The following morning, the main paper in Egypt, Al-Ahram had this headline regarding the American election, "A Dream Come True." Now Egypt is geographically far and removed from the United States and the majority of Egyptians struggle daily to barely sustain their families; but despite the difficulties of everyday life, the Egyptians are a very generous and animated people, full of good humor and chatter; and many Egyptians while disillusioned with their own country, all wanted to talk to me about Barack Obama as the next president of the United States. Prior to the election, the young Egyptian kids at the souq or marketplace in Aswan all cheered when I responded that I was supporter of Barack Obama.

On my way back home, stopping over in France, I noticed that the excitement was even more heightened. Every French magazine, every newspaper had Obama on their front covers for months prior to the election. It almost seemed that Obama was running for president of France. And then after Obama's win on November 5th, my sister and her friends in England, some American, some not, all celebrated together.

The New York Times yesterday broke the story that Obama is considering delivering a policy speech the first 100 days of his presidency in an Islamic capital. Cairo presently, seems to be a likely option. I think this is an intriguing idea and if organized in a thoughtful manner could have far-reaching implications. The strategy of speaking directly to the people on the streets instead of through the filters of propped up corrupt dictators is a powerful one. Barack Obama has captured the world's imagination and if he continues to tread carefully and purposefully, he can continue to heal divides and shift narrow perceptions. His life experiences has made him more aware of his role and responsibility as a global citizen. Yet it cannot be overlooked that he must sustain a delicate balancing act internationally when he, as president has to maneuver between his roles and responsibilities as as a fellow citizen of the world and as the enforcer of American interests globally. But of all the American presidents who had to walk that fine line, I would definitely prefer one who is mixed-race, and who had Kenyan father, an internationally-minded mother from Kansas, an Indonesian step-father; and who grew up in Indonesia and Hawaii and was raised by his white grandparents and has a sister who is half Indonesian, half white American and a brother-in-law who is Chinese Canadian.

It is an extraordinary feeling to be united globally in the hope and desire for a better tomorrow. When I finally returned to the U.S. after my travels, I could not deny the exhilaration I felt exiting the airport in Los Angeles. This was not the same place I had left. I returned to find a different, transcendental, more hopeful America. For the first time in eight years, it felt good to be home.

The following are interesting links and articles that I have read on Barack Obama's victory that I thought might be of interest. I have abbreviated an article written that I enjoyed reading by Pico Iyer on a chance encounter he had with Barack Obama. I have also included a link to Tyler Brule's Fast Lane column in the November 22nd weekend issue of the Financial Times. While I can't say he usually writes much of substance in this column, I still continue to read it every week. Perhaps I subconsciously enjoy the fluff, or perhaps his column is akin to a train wreck for me - not good to see, but I can't help but stare. And yet surprisingly, his piece titled "America Inc needs to get smart," his to do list for the Obama's administration is rather smart and witty.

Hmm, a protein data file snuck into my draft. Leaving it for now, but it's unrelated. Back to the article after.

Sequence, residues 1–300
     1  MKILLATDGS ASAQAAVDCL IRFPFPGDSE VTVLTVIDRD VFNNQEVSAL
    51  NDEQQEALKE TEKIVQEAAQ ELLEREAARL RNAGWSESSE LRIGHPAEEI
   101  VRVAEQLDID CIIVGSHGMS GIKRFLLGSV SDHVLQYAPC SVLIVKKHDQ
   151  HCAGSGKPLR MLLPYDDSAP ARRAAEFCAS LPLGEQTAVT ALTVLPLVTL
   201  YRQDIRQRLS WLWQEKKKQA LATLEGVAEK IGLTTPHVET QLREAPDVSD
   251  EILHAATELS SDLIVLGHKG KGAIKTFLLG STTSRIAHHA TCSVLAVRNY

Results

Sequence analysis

American Newspapers - Headlines of Obama's Won
International Newspapers on Obama's win

America Inc Needs to Get Smart
Financial Times - November 22, 2008
By Tyler Brule

My Chance Encounter with Obama in Hawaii

Time Magazine - November 5, 2008
By Pico Iyer

(For the full article, click on the title above. The abbreviated article is below).

...Everywhere I've been this year — from Jerusalem to Japan to Colombia to Italy and back again — I've heard people essentially say that America is an overweight, white plutocrat who is not only out of touch with the world but also shows no signs of wanting to grow closer to it. This is as unfair as any image — contradicted at every moment by the kindness and curiosity of many Americans — but it remains a potent one in a world where people communicate more with images than ideas and assumptions travel faster than truths. The best way to begin to correct it is to show the world a leader who can't really say how much he's African or Asian or American or just a product of their mixing in Hawaii. The point is not just that Obama will bring globalism to America; in his name, his face and his issues, he'll bring America back to the globe.

You could, in fact, say it is the questions that he draws from his experience that are as important as any answers he may come up with. How to make a peace between the black and the white inside him (or inside our cities and our country)? How to do right by our relatives in Africa without dishonoring the grandparents from Kansas who raised us? How to bring the modest Muslim school in Java together with Harvard Law School? The questions Obama has been thinking about all his life are the very ones that dominate the world today. And the mounting economic crisis only makes the construction of a wider identity — and conversing across the waters — more urgent, not less so.

Barack Obama the man is sure to disappoint some of the expectations his fans have; any man would, especially in the age of the 24/7 news cycle. But the past and the future that he speaks for are precisely the ones that belong so uniquely to the new century....